剑桥雅思7Test1阅读Passage2原文翻译 making every drop count 高效利用水资源
剑桥雅思7 Test 1 Passage 2阅读原文翻译
The history of human civilisation is entwined with the history of the ways we have learned to manipulate water resources. As towns gradually expanded, water was brought from increasingly remote sources, leading to sophisticated engineering efforts such as dams and aqueducts. At the height of the Roman Empire, nine major systems, with an innovative layout of pipes and well-built sewers, supplied the occupants of Rome with as much water per person as is provided in many parts of the industrial world today.
During the industrial revolution and population explosion of the 19th and 20th centuries, the demand for water rose dramatically. Unprecedented construction of tens of thousands of monumental engineering projects designed to control floods, protect clean water supplies, and provide water for irrigation and hydropower brought great benefits to hundreds of millions of people. Food production has kept pace with soaring populations mainly because of the expansion of artificial irrigation systems that make possible the growth of 40 % of the world’s food. Nearly one fifth of all the electricity generated worldwide is produced by turbines spun by the power of falling water.
Yet there is a dark side to this picture: despite our progress, half of the world’s population still suffers, with water services inferior to those available to the ancient Greeks and Romans. As the United Nations report on access to water reiterated in November 2001, more than one billion people lack access to clean drinking water some two and a half billion do not have adequate sanitation services. Preventable water-related diseases kill an estimated 10,000 to 20,000 children every day, and the latest evidence suggests that we are falling behind in efforts to solve these problems.
The consequences of our water policies extend beyond jeopardising human health. Tens of millions of people have been forced to move from their homes – often with little warning or compensation – to make way for the reservoirs behind dams. More than 20 % of all freshwater fish species are now threatened or endangered because dams and water withdrawals have destroyed the free-flowing river ecosystems where they thrive. Certain irrigation practices degrade soil quality and reduce agricultural productivity. Groundwater aquifers* are being pumped down faster than they are naturally replenished in parts of India, China, the USA and elsewhere. And disputes over shared water resources have led to violence and continue to raise local, national and even international tensions.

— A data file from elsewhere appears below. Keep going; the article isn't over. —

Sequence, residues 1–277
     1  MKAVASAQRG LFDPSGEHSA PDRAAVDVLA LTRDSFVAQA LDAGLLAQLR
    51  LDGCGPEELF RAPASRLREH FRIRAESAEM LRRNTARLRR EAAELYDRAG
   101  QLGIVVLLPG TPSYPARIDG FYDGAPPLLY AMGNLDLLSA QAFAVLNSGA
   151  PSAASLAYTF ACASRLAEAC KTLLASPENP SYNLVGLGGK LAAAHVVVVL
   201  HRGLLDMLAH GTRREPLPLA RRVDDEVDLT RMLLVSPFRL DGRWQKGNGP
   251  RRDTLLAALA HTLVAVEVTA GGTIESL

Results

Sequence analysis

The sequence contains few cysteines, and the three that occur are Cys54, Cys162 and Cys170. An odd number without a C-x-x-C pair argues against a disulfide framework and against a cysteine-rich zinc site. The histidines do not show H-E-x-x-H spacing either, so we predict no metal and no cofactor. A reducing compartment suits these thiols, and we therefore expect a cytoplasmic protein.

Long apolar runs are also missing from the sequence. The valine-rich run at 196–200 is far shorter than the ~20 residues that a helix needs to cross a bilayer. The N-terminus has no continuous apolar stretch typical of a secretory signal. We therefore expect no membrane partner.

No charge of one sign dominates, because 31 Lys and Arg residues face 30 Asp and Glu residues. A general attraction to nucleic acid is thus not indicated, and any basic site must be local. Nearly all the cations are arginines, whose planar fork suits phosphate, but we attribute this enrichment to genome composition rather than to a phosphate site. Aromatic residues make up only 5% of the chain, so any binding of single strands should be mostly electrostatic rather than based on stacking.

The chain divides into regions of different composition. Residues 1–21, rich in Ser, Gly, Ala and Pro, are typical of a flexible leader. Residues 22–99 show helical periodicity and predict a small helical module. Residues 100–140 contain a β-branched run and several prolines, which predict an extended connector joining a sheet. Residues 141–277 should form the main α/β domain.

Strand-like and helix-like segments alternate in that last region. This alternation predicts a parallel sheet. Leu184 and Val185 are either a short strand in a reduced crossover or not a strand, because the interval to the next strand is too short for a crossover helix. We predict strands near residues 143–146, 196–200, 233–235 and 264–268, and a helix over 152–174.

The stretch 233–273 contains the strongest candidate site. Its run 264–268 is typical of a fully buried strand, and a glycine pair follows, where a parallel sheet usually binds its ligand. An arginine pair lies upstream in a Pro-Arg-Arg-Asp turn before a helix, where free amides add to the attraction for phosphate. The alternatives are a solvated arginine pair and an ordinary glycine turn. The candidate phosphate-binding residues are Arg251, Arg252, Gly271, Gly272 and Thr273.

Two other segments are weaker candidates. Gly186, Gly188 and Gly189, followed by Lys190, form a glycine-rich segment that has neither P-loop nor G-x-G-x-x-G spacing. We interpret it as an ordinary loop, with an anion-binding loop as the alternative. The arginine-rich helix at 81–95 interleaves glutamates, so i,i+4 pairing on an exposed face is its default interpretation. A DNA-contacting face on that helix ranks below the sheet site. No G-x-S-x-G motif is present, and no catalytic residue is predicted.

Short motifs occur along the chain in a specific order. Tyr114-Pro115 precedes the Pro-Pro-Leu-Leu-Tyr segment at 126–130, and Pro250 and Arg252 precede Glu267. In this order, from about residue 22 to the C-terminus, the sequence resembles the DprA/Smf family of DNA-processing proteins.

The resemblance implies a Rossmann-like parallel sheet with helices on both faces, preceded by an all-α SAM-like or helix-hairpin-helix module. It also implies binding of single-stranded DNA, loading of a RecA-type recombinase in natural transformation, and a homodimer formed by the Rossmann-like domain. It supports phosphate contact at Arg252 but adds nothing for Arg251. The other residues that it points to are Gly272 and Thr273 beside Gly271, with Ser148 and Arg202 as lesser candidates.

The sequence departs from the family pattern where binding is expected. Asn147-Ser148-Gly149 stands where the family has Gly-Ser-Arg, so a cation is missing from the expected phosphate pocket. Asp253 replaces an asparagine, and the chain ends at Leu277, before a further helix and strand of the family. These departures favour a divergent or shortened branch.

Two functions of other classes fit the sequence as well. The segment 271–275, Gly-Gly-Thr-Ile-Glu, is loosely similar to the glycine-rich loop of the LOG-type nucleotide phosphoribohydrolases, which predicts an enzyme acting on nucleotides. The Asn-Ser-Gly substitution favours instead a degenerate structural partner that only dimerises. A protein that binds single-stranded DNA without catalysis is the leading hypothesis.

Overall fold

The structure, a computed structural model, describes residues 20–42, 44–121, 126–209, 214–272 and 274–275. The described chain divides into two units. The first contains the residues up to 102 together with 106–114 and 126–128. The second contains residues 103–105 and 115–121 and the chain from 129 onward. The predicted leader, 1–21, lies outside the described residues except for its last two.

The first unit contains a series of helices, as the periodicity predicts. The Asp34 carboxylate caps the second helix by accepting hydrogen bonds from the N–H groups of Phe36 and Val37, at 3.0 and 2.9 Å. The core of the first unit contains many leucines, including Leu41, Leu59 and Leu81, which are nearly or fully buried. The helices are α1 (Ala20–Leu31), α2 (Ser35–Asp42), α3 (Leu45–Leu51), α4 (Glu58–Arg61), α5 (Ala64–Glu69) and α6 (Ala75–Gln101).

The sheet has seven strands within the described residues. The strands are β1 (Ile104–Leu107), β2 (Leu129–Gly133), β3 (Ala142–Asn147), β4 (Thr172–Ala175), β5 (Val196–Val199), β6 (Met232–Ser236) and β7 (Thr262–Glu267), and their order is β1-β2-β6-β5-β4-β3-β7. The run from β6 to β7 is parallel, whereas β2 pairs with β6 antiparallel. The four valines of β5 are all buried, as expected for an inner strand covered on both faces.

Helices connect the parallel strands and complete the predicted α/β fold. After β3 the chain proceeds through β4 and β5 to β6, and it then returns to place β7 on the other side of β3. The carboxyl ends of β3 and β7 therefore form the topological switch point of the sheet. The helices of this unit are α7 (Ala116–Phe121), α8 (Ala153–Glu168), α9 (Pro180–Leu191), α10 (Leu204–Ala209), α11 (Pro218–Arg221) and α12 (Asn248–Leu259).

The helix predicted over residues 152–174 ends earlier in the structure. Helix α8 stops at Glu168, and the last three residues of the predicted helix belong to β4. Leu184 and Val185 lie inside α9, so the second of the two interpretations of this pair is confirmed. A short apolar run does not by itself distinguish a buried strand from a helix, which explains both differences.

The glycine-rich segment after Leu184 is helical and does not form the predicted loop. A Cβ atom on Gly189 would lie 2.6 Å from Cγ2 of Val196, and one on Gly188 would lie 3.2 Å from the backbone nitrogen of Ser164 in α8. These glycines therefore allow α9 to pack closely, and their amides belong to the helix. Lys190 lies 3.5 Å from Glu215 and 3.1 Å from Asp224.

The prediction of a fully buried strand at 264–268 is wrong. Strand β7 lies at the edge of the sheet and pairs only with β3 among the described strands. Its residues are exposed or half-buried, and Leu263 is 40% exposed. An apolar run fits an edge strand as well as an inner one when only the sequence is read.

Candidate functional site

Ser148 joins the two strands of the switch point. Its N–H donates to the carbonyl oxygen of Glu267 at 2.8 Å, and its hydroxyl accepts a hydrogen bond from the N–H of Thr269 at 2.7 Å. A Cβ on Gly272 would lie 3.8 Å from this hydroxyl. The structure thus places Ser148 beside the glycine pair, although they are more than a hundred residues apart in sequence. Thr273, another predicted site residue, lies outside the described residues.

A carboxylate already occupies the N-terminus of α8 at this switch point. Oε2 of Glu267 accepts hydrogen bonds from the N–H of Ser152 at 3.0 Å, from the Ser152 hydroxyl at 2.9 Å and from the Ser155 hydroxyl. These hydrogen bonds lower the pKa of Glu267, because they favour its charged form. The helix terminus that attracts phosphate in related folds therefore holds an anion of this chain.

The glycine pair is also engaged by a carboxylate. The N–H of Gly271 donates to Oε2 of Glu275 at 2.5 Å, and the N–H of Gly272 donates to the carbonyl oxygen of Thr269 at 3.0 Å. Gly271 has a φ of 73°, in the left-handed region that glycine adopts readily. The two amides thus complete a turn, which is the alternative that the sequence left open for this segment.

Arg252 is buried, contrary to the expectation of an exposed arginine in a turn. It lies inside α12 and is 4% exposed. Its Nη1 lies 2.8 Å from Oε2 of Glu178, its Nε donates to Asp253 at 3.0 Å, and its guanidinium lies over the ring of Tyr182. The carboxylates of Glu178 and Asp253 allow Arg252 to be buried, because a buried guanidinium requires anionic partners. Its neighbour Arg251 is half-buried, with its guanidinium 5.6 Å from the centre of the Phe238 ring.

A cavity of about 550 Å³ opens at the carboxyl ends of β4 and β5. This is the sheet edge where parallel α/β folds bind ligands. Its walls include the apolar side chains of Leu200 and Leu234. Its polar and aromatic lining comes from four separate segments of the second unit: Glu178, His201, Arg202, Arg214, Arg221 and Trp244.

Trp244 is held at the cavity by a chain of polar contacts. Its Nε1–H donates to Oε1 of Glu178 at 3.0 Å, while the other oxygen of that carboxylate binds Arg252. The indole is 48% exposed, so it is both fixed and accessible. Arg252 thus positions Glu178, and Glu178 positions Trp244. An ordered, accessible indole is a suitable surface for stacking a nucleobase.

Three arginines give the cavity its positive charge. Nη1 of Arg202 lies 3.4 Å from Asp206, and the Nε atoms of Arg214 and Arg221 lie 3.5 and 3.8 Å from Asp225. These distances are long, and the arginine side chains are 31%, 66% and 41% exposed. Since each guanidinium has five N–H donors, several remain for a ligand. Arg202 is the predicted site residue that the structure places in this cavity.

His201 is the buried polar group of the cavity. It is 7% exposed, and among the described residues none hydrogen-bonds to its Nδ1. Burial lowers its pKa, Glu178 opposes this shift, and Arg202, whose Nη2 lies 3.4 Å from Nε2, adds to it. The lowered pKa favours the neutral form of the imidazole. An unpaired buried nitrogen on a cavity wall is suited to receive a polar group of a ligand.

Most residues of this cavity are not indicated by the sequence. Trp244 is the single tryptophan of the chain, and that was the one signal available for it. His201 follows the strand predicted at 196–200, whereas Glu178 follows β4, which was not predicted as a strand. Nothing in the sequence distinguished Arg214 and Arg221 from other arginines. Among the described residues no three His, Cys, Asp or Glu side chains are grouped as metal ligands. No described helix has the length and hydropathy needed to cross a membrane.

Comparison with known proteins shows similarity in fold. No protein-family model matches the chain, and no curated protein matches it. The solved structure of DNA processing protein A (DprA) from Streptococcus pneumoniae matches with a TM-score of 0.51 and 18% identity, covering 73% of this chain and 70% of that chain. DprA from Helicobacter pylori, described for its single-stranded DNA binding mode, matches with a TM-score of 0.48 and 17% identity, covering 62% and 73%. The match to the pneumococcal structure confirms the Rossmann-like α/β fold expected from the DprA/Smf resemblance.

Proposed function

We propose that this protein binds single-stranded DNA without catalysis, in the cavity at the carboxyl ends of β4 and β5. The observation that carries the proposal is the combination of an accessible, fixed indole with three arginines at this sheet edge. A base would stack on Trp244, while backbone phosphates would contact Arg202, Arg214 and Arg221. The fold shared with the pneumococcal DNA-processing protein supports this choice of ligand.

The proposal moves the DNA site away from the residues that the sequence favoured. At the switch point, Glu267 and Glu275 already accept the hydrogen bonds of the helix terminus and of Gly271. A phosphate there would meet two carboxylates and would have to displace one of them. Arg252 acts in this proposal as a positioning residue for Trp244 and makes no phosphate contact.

At the outset of the new millennium, however, the way resource planners think about water is beginning to change. The focus is slowly shifting back to the provision of basic human and environmental needs as top priority – ensuring ‘some for all,’ instead of ‘more for some’. Some water experts are now demanding that existing infrastructure be used in smarter ways rather than building new facilities, which is increasingly considered the option of last, not first, resort. This shift in philosophy has not been universally accepted, and it comes with strong opposition from some established water organisations. Nevertheless, it may be the only way to address successfully the pressing problems of providing everyone with clean water to drink, adequate water to grow food and a life free from preventable water-related illness.
Fortunately – and unexpectedly – the demand for water is not rising as rapidly as some predicted. As a result, the pressure to build new water infrastructures has diminished over the past two decades. Although population, industrial output and economic productivity have continued to soar in developed nations, the rate at which people withdraw water from aquifers, rivers and lakes has slowed. And in a few parts of the world, demand has actually fallen.
What explains this remarkable turn of events? Two factors: people have figured out how to use water more efficiently, and communities are rethinking their priorities for water use. Throughout the first three-quarters of the 20th century, the quantity of freshwater consumed per person doubled on average; in the USA, water withdrawals increased tenfold while the population quadrupled. But since 1980, the amount of water consumed per person has actually decreased, thanks to a range of new technologies that help to conserve water in homes and industry. In 1965, for instance, Japan used approximately 13 million gallons* of water to produce $1 million of commercial output; by 1989 this had dropped to 3.5 million gallons (even accounting for inflation) – almost a quadrupling of water productivity. In the USA, water withdrawals have fallen by more than 20 % from their peak in 1980.
On the other hand, dams, aqueducts and other kinds of infrastructure will still have to be built, particularly in developing countries where basic human needs have not been met. But such projects must be built to higher specifications and with more accountability to local people and their environment than in the past. And even in regions where new projects seem warranted, we must find ways to meet demands with fewer resources, respecting ecological criteria and to a smaller budget.